Bishop Rylands calls for a flourishing rural Church

17 October 2014

ARTHUR RANK CENTRE

RURAL mission is "high on the agenda" of the Church, the Bishop of Shrewsbury, the Rt Revd Mark Rylands, has said after an ecumenical conference on countryside ministry, Germinate!, held on Saturday.

Speaking on Monday, Bishop Rylands said that the conference, held at the Arthur Rank Centre, Warwickshire, featured representatives from all wings of the C of E, as well as other denominations.

"Rural churches and rural growth is high on the agenda here," he said. "I have found that among Christian leaders across the country. It was a really diverse conference - Evangelicals through to Catholics."

At the conference, after a video address from the Archbishop of Canterbury, Bishop Rylands gave the keynote speech. He said that God desired "a flourishing rural Church for the sake of the rural community".

On Monday, he said that he had encouraged rural leaders to allow some initiatives to die if they were no longer fruitful, so that they could focus on projects that were actually working. "God's work is not always about a straight line going upwards," he said. "It's about death and resurrection."

Messy Church, he said, was a good example of a small thing that was growing rapidly in rural areas and having a significant impact. He also warned smaller rural churches not to indulge in an inferiority complex because of their size.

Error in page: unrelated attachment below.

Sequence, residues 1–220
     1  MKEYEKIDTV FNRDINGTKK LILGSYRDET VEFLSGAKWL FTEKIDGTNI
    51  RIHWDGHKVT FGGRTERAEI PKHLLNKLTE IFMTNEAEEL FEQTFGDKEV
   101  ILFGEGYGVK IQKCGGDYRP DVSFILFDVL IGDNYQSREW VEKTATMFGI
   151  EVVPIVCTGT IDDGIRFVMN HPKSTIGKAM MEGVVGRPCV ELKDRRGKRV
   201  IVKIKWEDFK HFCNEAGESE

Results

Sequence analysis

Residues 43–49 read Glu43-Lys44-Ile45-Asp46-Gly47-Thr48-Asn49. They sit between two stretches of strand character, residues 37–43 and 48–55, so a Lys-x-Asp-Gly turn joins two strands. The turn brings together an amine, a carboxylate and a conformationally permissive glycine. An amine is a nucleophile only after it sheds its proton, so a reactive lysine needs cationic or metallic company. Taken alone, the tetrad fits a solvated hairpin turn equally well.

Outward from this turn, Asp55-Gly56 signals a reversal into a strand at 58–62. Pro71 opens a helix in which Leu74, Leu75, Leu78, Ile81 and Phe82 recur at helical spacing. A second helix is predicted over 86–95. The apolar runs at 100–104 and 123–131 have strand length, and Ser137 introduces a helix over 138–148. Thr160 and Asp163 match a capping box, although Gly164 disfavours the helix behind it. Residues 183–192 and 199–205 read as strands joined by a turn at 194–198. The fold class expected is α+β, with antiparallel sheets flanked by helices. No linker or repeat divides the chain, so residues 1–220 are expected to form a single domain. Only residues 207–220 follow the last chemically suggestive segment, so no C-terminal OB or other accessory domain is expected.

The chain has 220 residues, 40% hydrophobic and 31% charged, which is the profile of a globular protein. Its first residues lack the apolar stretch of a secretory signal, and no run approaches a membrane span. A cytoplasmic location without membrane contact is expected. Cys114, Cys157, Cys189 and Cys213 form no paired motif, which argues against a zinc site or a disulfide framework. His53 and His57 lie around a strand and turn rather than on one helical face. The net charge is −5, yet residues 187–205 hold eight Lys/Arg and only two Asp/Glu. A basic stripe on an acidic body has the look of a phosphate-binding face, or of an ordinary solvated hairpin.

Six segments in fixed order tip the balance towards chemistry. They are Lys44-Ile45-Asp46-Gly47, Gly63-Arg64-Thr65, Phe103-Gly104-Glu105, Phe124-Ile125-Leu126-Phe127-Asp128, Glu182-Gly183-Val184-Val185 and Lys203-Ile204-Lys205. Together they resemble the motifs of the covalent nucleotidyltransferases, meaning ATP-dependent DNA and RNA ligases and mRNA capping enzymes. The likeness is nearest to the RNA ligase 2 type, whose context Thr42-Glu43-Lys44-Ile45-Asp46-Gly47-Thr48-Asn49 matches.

"Small churches think: 'We can't do everything, we can't do effective mission [because] we are not big churches.' But that's not true. We often have congregations of a size where it is easy to do more discipleship."

He said that local ecumenical relationships were important in rural areas. "Often, we [different churches] have different gifts, and it does make sense to work together in mission purposes and ministry."

Among the topics discussed at the conference were how to run a successful Messy Church; building relationships with families on the fringes of congregations; creative use of church buildings; and becoming better at sharing leadership when priests are given responsibility for a growing number of parishes.

Bishop Rylands said: "Being grouped together with other churches means that the rural Church is learning to model shared leadership and to pioneer it for the rest of the Church."

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